We also can emulate the effect of translation by doing two reflections.

We can emulate the effect of a glide reflection by doing three reflections.

As a result, we can really just focus on the behavior of reflections, since the other three types of isometry can be built up from reflections.
Any isometry of the plane is a translation, rotation, reflection or glide reflection; no matter how you compose them, you will always end up with another isometry on this list.

N-fold rotational symmetry
Rotational symmetry of order n, also called n-fold rotational symmetry, or discrete rotational symmetry of nth order, with respect to a particular point (in 2D) means that rotation by an angle of 360°/n does not change the object.

The notation for n-fold symmetry is Cn or simply "n".

Examples: n = 2, 180°: rectangle, rhombus, letters Z, N, S, yin and yang symbol

n = 3, 120°: triskelion

n = 4, 90°: swastika

n = 6, 60°: raelian symbol, new version

More examples:

Nederlandse Spoorwegen (Dutch Railways)N=2



Traffic sign roundaboutN=3

The flag of Nazi Germany and the NSDAP, with swastika.N=4

White circle in Syrian Social Nationalist Party flag N=4

The swastika in decorative Hindu formN=4

The Raëlian symbol, before and after 1991N=2, N=6
Exercises:
Classify all the capital letters in English (in their simplest forms) according to their symmetries. For example, "A" has a reflection in a vertical line, and "R" has no symmetry.
Make a pattern by starting with an asymmetric shape and repeating a single translation over and over. That is, decide on a direction and distance for your translation (for example, 5 cm to the right). Translate your shape 5 cm to the right, then translate the new one 5 cm to the right, etc. Also translate the original letter 5 cm. to the left, etc. Did you get any other types of isometries (reflections, glide reflections, or rotations) in the process?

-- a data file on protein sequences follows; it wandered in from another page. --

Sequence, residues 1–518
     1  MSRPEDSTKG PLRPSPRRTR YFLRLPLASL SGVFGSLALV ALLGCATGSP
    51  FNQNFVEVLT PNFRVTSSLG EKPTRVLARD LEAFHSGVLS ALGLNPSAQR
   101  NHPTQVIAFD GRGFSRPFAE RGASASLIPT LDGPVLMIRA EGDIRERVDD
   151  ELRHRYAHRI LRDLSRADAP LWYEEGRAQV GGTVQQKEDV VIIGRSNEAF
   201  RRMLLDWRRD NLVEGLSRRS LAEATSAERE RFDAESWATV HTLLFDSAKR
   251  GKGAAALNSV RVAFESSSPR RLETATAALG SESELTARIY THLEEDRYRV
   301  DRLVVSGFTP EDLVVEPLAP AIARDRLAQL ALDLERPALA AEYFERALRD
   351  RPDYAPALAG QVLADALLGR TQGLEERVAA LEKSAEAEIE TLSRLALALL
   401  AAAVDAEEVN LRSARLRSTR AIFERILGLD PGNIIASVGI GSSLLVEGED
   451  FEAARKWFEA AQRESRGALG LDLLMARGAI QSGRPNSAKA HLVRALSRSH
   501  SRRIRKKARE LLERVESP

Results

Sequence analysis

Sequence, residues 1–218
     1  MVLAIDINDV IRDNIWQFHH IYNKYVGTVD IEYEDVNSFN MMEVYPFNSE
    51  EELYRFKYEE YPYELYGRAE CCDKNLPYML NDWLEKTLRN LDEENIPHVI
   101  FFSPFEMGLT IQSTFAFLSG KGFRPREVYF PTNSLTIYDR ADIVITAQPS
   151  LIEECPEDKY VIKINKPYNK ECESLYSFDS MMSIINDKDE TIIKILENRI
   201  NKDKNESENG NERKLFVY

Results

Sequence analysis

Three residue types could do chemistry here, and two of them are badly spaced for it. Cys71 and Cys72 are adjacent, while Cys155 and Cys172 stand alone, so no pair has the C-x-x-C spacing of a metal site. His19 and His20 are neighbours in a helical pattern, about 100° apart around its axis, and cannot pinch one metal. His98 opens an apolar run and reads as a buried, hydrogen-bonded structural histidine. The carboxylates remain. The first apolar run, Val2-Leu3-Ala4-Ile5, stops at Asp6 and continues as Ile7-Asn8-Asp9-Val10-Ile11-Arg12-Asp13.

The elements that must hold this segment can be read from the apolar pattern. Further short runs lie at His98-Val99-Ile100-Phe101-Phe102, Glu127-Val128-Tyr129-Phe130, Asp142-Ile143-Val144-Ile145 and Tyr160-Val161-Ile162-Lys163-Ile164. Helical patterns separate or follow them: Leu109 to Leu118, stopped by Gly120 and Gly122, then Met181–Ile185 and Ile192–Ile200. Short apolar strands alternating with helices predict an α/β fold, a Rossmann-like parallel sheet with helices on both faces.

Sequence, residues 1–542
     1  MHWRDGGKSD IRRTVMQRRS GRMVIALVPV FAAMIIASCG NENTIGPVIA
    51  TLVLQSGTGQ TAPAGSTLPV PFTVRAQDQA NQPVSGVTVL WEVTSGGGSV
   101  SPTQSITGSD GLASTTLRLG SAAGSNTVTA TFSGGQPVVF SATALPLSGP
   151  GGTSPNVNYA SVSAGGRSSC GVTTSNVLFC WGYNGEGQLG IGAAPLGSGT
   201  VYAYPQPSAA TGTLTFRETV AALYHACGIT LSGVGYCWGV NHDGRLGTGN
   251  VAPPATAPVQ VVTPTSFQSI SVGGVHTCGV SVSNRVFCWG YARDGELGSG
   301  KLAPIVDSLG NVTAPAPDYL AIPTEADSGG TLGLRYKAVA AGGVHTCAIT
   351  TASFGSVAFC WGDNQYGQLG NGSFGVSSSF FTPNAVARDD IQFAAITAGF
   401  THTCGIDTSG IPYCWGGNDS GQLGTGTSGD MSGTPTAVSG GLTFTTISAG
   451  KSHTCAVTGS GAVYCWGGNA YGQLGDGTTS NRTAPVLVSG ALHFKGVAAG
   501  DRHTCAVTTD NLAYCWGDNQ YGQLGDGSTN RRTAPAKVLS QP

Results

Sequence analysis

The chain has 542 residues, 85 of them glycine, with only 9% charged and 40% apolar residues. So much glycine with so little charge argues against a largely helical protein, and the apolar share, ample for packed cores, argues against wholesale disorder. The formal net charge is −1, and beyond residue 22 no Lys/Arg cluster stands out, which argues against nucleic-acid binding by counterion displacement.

Make a symmetric pattern by starting with an asymmetric shape and repeating a single glide reflection over and over (also glide it backwards). That is, pick a reflection line and a translation in a direction parallel to the reflection line. Keep applying the same glide reflection to the new shapes that you generate until you run out of paper. Did you get any other types of isometries (reflections, translations, or rotations) in the process?
On a piece of paper, draw a letter R (call it R1) and two parallel lines (L1 and L2) about an inch apart. Reflect the R across L1 and call it R2. Reflect R2 across L2 and call it R3.

a) How is R3 related to R1? (by which type of isometry?)

b) Continue your pattern by reflecting the new Rs across L1 and L2. Would this be an infinite pattern if you had an infinitely large piece of paper?

c) What isometries does your pattern have besides reflections across L1 and L2?


Repeat the previous activity using lines that are not parallel but intersect at a 45-degree angle.

a) Now how is R3 related to R1?

b) Continue your pattern by reflecting the new Rs across L1 and L2. Would this be an infinite pattern if you had an infinitely large piece of paper?

c) What isometries does your pattern have besides reflections across L1 and L2?


Do you remember making strings of paper dolls or snowflakes by cutting a strip of folded paper? Adapt one of these activities so that it explicitly talks about isometries.
Consider patterns generated by reflections across two intersecting lines, but use other angles. For example, what if the lines formed an angle of 111 degrees, or 60 degrees? If you can, find a general pattern that will predict results for any angle.

Symmetry in the arts and crafts
A